Many California lawmakers understand the connection between energy use and the climate crisis. However, they are much less familiar with the vast potential for carbon sequestration in our soils. Healthy soils are a critical component of achieving the urgent goals of net-negative emissions by 2030 (drawdown of emissions already in the atmosphere greater than new greenhouse gas emissions) and increased resilience to climate-driven extremes like drought, heat, and floods.
Sequestration in soil represents up to 25% of the total global potential for absorbing carbon from the atmosphere. In California, rangelands cover about 56 million acres, half of the state’s overall land area, and according to recent research, could be a less vulnerable carbon storage option than fire-prone forests.
Regenerative ranching is a key component of this approach and provides multiple benefits to human communities, wildlife, ecosystems, and the climate.
Regenerative ranching can cost-effectively reduce fire-prone vegetation while also helping to build soil organic matter, reduce soil compaction, and improve land fertility. It can also improve healthy water cycle functioning and support beneficial populations of native plants, songbirds, pollinators, and other wildlife.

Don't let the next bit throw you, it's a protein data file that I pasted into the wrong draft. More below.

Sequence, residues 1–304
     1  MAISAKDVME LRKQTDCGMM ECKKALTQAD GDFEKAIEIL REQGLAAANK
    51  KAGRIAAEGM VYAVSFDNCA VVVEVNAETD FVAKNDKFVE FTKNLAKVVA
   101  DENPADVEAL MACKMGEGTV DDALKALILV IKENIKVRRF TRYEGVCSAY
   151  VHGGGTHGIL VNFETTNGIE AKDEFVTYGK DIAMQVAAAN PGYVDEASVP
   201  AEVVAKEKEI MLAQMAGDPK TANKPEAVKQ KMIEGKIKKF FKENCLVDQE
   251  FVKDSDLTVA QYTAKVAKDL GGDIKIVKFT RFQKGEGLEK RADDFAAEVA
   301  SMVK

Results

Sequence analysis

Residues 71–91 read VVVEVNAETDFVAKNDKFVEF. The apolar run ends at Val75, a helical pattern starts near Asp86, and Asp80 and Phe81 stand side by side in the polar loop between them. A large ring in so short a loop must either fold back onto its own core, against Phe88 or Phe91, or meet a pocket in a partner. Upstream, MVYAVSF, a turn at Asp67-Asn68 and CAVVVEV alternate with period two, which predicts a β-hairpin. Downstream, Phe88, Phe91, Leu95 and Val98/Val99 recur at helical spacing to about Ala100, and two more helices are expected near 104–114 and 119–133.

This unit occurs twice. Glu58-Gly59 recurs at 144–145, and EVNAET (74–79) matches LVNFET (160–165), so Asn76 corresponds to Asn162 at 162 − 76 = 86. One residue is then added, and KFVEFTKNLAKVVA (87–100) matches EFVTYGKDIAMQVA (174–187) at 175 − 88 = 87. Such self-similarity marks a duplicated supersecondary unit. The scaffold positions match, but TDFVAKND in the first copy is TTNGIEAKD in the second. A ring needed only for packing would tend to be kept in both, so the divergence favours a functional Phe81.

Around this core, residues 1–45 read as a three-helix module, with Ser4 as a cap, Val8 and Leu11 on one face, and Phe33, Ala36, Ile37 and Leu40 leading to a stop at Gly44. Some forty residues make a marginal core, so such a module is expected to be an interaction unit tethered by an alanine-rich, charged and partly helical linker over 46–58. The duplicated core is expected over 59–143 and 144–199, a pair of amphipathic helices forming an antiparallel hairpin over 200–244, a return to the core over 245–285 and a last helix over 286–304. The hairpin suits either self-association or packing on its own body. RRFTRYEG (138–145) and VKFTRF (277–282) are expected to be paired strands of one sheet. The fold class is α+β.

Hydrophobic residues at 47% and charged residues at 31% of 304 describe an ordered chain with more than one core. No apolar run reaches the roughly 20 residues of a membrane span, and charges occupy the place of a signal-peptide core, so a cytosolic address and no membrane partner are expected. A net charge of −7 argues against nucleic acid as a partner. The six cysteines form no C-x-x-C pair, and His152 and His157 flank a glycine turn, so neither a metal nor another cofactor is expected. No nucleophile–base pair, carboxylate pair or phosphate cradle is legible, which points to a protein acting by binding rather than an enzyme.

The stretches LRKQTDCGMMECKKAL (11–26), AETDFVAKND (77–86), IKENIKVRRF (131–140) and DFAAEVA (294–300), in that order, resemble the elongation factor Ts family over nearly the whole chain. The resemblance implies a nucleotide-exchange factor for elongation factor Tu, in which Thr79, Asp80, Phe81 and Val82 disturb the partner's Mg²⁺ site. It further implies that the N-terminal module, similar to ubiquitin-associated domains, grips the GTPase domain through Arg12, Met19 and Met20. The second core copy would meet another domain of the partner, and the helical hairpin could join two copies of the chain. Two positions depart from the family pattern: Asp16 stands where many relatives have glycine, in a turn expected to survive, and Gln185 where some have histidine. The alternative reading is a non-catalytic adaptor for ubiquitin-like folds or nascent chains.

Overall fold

Progressive grazing practices can sequester carbon from the atmosphere and transform it into productive carbon in the soil. Improved management on grazing and croplands can offset 14% or more of current annual global CO2 emissions. Managed grazing and silvopasture (integrating trees, pasture, and forage) are recognized by Project Drawdown as among the top 20 most effective solutions to climate change.
According to a recent poll, ranchers using regenerative practices reported improved resilience to extremes, operational profits, and personal well-being.
While California lawmakers have already launched a suite of innovative climate-smart agriculture programs for farmers and ranchers, we urge them to build on these programs to sequester an additional 100+ million metric tons (MMT) of carbon dioxide equivalents annually by 2030. But we must start soon.
Accelerating sequestration is critical to achieving drawdown greater than emissions by 2030 for a climate-safe future. We know today how to manage natural and agricultural lands for sequestration through proven carbon farming practices.
With climate impacts rapidly worsening, the time is now to dramatically increase investments in regenerative agriculture and healthy soils!
Many thanks to Wendy Millet of TomKat Ranch for providing some of the content and inspiration for this week’s e-mail content.
- Support these bills– avoid Texas-scale catastrophe in CA - March 3, 2021
- To weather the worsening drought, California needs healthy soils - February 18, 2021
- CPUC Approves $200M Investment in Microgrids for Vulnerable Communities - February 8, 2021